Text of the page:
UK reearchers have created a new material that purportedly has the potential to improve the flow of charge through solar cells and enhance their efficiency. The material consists of phosphorus alloyed with arsenic.
“The study shows that alloying is a powerful tool for controlling the properties and thus applications and potential of this growing nanomaterial family,” said researcher Adam Clancy.
The creation of arsenic-phosphorus alloy nanoribbons (AsPNRs) dates back to the group's past work. In 2019, the researchers discovered phosphorus nanoribbons.
“However, phosphorus-only materials do not conduct electricity very well, hindering their usage for certain applications,” they stated.
To tackle this problem, the research team alloyed phosphorus with its neighboring element, arsenic. They initiated the process by using a commercially available black arsenic phosphorus (bAsP) alloy. Submerging this alloy into a lithium electride ammonia solution led to the formation of compounds containing phosphorus with arsenic precursors, commonly referred to as bAsP, along with lithium.
Following this process, the academics dispersed the compounds in amidic solvents and created the AsPNRs. Then they analyzed the properties of the AsPNRs and found they have high hole mobilities. As holes are the opposite partners to electrons in electrical transport, their improvement helps electrical current move more efficiently.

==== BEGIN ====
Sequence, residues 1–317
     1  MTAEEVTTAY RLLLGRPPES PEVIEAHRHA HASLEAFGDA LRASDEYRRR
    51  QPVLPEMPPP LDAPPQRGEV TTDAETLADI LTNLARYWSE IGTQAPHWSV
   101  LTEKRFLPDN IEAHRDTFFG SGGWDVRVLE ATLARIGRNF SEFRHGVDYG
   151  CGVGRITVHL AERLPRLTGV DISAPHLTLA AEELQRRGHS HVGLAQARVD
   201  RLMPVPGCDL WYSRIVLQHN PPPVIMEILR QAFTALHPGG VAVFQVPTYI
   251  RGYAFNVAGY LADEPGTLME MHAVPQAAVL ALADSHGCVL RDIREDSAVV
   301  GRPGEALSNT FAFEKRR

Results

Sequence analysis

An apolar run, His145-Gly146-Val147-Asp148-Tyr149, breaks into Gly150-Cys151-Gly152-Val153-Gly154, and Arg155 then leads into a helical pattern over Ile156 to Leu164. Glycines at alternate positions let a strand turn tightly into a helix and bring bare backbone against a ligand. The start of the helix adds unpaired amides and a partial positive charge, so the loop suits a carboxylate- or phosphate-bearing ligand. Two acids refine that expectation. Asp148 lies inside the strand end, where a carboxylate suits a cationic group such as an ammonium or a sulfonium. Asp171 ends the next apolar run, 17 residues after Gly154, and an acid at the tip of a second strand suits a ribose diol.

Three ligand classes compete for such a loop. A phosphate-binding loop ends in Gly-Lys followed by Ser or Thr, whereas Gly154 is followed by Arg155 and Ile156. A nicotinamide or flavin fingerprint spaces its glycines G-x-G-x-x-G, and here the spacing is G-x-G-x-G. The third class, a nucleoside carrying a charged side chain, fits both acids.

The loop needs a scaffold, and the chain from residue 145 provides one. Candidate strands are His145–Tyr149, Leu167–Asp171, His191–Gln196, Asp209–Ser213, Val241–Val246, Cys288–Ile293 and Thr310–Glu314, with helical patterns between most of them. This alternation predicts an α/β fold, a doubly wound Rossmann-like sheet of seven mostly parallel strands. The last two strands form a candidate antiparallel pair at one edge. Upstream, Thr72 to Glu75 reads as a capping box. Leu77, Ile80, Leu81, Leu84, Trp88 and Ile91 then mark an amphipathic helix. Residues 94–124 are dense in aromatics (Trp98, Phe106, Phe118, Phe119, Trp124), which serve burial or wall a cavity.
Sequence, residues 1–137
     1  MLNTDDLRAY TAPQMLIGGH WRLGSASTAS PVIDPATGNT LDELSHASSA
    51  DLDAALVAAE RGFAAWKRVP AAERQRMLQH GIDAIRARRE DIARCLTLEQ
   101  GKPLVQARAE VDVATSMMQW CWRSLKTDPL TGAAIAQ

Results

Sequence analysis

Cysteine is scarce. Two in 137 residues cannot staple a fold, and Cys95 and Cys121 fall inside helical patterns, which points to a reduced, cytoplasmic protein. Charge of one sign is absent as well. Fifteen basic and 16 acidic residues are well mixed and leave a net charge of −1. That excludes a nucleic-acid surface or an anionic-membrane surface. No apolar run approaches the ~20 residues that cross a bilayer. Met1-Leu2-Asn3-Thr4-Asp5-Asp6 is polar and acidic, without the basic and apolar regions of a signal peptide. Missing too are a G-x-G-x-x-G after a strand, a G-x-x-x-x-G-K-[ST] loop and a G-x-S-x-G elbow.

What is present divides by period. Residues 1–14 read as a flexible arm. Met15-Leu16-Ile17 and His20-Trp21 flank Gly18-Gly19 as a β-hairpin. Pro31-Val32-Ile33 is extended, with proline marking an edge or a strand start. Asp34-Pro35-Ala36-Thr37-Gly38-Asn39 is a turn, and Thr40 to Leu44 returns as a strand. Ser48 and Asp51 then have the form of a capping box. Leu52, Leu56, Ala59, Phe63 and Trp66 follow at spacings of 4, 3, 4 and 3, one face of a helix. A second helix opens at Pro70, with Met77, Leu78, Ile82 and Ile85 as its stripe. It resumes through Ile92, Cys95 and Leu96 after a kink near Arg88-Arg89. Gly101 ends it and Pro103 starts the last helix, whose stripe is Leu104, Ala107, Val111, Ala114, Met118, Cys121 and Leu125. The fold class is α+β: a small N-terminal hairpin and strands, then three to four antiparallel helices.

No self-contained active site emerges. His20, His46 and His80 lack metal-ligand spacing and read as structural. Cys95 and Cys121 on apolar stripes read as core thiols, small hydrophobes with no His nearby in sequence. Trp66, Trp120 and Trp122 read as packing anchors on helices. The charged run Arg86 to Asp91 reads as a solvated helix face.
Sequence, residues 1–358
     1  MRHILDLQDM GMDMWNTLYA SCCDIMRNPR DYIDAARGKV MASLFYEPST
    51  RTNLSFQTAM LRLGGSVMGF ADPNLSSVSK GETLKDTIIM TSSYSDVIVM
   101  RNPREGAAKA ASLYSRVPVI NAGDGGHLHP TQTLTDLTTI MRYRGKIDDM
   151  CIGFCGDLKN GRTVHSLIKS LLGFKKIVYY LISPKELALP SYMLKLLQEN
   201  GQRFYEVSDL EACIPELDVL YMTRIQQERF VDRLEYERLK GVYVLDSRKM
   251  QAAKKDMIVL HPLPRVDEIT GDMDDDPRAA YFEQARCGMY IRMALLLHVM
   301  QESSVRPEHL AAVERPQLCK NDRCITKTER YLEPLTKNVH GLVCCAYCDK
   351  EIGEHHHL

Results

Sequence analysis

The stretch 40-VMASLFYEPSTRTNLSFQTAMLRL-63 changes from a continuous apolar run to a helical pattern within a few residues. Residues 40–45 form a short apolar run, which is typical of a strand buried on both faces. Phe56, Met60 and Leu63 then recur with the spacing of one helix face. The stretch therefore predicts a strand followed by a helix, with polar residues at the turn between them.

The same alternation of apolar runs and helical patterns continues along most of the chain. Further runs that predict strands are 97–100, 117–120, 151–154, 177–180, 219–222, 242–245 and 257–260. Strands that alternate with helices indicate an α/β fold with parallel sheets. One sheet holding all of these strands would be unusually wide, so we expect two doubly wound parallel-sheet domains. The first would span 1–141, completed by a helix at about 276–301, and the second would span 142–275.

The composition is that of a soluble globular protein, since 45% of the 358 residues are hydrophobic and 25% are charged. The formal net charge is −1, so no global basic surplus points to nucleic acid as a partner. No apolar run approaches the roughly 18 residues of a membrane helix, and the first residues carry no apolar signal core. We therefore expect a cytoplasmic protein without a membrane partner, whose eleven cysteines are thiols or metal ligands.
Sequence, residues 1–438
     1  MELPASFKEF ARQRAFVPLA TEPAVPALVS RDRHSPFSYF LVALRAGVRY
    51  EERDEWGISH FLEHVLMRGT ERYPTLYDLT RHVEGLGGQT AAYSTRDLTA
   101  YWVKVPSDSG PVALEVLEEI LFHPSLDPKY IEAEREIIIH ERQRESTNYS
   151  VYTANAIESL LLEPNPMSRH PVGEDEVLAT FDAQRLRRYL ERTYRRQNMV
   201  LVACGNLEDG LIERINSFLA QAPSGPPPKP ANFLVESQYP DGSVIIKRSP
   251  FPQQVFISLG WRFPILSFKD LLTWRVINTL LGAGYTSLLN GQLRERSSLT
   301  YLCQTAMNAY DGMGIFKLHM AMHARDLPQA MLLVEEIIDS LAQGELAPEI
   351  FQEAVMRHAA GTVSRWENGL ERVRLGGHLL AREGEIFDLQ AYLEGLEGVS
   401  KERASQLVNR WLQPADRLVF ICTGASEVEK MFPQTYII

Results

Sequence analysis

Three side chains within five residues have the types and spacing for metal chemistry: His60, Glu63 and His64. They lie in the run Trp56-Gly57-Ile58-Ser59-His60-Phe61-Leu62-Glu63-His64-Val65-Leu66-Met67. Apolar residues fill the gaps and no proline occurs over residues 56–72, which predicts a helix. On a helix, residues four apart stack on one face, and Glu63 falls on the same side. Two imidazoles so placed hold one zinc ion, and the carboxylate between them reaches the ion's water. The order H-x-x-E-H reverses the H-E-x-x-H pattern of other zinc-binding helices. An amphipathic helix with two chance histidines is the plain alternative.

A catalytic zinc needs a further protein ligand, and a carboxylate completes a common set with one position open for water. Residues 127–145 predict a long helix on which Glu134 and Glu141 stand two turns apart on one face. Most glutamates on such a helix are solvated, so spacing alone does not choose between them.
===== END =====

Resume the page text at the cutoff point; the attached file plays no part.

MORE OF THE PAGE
The researchers have further specified that the AsPNRs are reaching the highly electrically conductive state at above 130 kelvin. In addition to the high hole mobilities, their conductivity is also due to a small energy bandgap of only 0.035 eV and their paramagnetic nature.
“AsPNRs can be used in applications where the low electrical conductivity of quasi-1D phosphorene nanoribbons hinders their application, such as energy storage electrodes,” the scientists concluded. “Beyond, their small band gap, magnetism, and high hole mobilities make them ideal candidates for next generation near-infrared detectors, quantum computing, and charge carrier layers in solar cells, respectively.”
They described their findings in “Production of Magnetic Arsenic–Phosphorus Alloy Nanoribbons with Small Band Gaps and High Hole Conductivities,” which was recently published in the Journal of the American Chemical Society. The research group includes scientists from University College London, University of Cambridge, Queen Mary University of London, and University of Bristol.
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